Possible Intel 13th Gen Core prices in the UK

Intel’s next-generation Intel desktop CPUs will be unveiled next week, but that doesn’t seem to be stopping major retailers from listing the series sooner rather than later.

A number of Raptor Lake processors were previously listed on Amazon UK. A total of four SKUs were revealed by the hardware leaker @momomo_us who took a quick screenshot. Those lists are no longer available.

Intel Core i9-13900K, Source: @momomo_us

According to this listing, the i9-13900KF (the flagship model without integrated graphics) will cost 750 GBP. This SKU is the only one listed so far with the full 24 cores (8P+16E). This price is around 150 GBP more than the i9-12900K available in the UK (according to UK reviews), but the current price of the i9-12900KF is around 609 GBP. It’s worth noting that GBP 750 is a similar price to the i9-12900KS (special edition clocked at 5.5GHz) on launch day.

Meanwhile, the i7-13700K is listed at 547 GBP, while the F-variant is listed at 517 GBP. Compared to the current price of the Alder Lake successor, we’re looking at a premium of 120-137 GBP (i7-12700K ~ 410 GBP and i7-12700KF ~ 397 GBP). Finally, the 14-core SKU known as the i5-13600KF is listed at 350 GBP, which is a higher price than the i7-12500KF currently available at 273 GBP.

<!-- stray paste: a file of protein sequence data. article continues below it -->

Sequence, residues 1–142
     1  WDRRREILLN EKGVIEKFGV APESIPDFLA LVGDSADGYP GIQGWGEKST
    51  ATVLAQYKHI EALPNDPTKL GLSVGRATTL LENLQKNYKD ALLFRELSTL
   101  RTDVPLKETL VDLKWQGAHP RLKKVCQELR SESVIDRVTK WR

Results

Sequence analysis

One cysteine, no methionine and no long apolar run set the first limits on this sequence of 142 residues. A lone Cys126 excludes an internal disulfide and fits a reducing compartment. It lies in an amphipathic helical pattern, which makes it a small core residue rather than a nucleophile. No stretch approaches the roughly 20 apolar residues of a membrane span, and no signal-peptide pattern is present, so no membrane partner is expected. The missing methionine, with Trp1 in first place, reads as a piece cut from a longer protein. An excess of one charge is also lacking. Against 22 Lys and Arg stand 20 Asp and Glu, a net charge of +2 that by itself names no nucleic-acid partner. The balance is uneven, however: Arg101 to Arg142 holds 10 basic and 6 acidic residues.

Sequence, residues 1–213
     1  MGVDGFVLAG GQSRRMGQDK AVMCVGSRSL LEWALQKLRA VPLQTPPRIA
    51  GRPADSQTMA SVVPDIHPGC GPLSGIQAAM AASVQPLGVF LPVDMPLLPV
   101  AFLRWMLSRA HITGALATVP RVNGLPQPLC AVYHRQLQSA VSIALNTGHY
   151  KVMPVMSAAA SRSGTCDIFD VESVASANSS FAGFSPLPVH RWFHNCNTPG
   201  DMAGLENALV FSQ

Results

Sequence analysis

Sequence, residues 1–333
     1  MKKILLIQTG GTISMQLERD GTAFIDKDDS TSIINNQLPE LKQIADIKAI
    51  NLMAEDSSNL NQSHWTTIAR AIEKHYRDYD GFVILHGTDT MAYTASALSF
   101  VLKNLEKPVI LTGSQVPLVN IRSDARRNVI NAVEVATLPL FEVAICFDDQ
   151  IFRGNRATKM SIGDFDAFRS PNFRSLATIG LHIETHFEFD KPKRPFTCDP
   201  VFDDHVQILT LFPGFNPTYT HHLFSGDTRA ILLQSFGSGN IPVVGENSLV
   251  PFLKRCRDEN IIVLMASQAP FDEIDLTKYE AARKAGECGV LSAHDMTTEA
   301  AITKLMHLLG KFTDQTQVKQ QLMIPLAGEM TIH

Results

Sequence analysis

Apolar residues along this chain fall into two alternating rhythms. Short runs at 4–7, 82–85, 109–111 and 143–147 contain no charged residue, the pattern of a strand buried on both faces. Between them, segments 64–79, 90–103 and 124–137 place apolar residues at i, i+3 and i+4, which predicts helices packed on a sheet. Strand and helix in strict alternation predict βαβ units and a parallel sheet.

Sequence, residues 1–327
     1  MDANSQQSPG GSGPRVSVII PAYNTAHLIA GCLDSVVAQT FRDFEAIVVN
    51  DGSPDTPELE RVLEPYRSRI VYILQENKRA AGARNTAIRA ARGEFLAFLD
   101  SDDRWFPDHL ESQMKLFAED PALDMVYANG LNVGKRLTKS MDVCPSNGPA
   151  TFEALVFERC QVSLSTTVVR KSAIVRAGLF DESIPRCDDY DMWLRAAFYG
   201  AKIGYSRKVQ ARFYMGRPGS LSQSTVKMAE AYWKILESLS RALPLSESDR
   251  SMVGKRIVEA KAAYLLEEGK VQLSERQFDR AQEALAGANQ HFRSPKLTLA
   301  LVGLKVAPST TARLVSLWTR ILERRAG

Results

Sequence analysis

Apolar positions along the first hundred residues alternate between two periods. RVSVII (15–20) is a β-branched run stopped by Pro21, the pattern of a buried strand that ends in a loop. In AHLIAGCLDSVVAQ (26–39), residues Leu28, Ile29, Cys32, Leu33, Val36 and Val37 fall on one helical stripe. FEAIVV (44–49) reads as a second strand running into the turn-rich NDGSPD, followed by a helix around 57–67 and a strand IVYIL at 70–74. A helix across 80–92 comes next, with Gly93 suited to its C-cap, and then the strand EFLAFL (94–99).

Intel 13th Gen Core Price on Amazon UK Store, Source: @momomo_us

There’s a good chance these are just a placeholder and not the final UK 13th Gen Core series prices. Moreover, the fact that such a major retailer is starting to list the new series so early could indicate that Intel will lift the pre-order embargo very soon. Perhaps right after the Innovation event (September 27th) where the Raptor Lake series will be announced.

Intel 13th Gen Core Boxes, Source: @momomo_us

In case there was any doubt about the packaging of the new series, @momomo_us has also leaked the designs of all three sub-series. They look the same as the Alder Lake cans. It’s worth noting that the flagship SKU known as the i9-13900K will come with a small plastic wafer inside (as shown earlier in this post).

Source: @momomo_us through TechPowerUP

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